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Schiano v. Salkin

United States District Court, S.D. Florida

August 23, 2019

NICHOLAS SCHIANO, Appellant,
v.
SONYA SALKIN, Appellee.

          ORDER ON BANKRUPTCY APPEAL

          RODNEY SMITH UNITED STATES DISTRICT JUDGE.

         THIS MATTER is before the Court on Nicholas Schiano's appeal from two orders entered by the United States Bankruptcy Court for the Southern District of Florida, which granted the Chapter 7 Trustee's/Appellee's Motions to Approve Stipulation of Settlement and Release and to Approve Stipulation of Settlement as to Disposition of Domain Names. Based on the existing appellate record, [1] the Court finds that Mr. Schiano lacks standing to pursue this appeal.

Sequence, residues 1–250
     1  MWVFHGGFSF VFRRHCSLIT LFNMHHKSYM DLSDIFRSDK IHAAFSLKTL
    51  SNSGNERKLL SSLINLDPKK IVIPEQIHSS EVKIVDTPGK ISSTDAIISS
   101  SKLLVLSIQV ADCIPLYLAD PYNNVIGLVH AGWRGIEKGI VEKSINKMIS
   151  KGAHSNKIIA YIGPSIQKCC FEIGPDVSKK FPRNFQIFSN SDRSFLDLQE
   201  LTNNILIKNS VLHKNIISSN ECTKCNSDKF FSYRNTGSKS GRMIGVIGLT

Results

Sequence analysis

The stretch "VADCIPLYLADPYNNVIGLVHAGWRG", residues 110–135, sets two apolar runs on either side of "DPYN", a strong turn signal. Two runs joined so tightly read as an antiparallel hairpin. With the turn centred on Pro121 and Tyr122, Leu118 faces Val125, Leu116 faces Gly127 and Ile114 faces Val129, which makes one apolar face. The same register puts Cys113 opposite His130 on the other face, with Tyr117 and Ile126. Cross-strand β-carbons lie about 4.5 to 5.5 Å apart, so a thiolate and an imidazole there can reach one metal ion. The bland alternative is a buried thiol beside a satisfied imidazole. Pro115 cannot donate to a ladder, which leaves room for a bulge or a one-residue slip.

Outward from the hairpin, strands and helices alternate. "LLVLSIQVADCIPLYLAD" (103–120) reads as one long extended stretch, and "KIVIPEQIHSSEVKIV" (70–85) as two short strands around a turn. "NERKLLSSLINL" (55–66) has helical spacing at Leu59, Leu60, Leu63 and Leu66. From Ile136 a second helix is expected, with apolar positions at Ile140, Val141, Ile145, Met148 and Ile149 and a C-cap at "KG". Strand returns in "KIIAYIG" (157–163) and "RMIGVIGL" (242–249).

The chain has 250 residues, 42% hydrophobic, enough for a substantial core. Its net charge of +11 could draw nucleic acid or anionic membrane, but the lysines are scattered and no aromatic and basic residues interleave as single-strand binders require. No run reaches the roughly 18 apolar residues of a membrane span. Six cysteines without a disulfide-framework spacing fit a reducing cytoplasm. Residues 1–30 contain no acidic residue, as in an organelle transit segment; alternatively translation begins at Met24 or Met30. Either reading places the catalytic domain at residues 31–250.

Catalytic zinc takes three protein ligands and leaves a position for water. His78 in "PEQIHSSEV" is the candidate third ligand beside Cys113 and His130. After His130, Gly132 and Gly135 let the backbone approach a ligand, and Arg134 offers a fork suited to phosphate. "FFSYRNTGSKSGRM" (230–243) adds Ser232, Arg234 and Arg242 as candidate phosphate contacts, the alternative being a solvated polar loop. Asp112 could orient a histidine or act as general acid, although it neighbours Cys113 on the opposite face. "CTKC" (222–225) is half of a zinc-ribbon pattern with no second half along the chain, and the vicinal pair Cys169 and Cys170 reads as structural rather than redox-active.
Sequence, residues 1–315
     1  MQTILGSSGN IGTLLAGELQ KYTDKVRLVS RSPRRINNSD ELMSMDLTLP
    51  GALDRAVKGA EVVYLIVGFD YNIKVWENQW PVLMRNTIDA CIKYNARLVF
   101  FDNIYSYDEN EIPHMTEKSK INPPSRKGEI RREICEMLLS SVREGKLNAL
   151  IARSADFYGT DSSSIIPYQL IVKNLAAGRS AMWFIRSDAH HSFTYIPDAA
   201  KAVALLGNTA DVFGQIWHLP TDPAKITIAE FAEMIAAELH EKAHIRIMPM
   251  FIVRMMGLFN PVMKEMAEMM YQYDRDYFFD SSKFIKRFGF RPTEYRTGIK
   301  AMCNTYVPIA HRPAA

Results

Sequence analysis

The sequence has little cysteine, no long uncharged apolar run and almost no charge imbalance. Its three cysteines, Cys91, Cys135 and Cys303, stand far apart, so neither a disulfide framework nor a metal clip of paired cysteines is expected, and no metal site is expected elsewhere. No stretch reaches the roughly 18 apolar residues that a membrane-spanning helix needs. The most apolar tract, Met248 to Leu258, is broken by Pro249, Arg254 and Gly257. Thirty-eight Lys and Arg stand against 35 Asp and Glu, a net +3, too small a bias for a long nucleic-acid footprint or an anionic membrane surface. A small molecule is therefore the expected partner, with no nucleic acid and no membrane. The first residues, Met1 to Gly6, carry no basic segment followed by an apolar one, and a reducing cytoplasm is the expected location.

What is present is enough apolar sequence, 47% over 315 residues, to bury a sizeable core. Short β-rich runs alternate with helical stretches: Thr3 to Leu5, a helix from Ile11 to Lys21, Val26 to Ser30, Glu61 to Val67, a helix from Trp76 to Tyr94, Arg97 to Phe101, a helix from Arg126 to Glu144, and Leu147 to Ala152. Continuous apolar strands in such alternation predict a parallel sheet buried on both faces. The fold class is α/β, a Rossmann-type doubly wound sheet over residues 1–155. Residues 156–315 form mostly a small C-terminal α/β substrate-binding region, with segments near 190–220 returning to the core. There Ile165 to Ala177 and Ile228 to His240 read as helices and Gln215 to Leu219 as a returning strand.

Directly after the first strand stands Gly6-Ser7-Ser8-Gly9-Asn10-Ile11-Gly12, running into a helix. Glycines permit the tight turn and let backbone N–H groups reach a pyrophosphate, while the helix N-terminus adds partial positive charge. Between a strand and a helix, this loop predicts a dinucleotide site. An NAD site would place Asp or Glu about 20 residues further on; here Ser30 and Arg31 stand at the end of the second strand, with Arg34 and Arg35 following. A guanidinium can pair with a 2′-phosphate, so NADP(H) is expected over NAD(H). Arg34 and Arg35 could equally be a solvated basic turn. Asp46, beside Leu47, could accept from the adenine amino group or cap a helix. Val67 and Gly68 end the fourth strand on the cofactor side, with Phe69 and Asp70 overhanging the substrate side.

I. JUDICIAL NOTICE

         As a preliminary matter, the Court addresses the Trustee's Motion for Judicial Notice of Ruling by Eleventh Circuit Court of Appeal or For Alternate Relief [DE 31] and the Supplement to Appellee's Motion for Judicial Notice [DE 33]. In the Motion, the Trustee asks the Court to take judicial notice of the Eleventh Circuit Court of Appeals' recent rulings in Friedman v. Nicholas Schiano, et al., No. 18-10742, which was filed on February 26, 2018.[2] In the Friedman appeal, Mr. Schiano challenged the district court's entry of default judgment of approximately $1.3 million in favor of Judgment Creditors Matthew Friedman and Scale Media, Inc. in another case. Mr. Schiano has not filed any papers in opposition to the Trustee's Motion for Judicial Notice.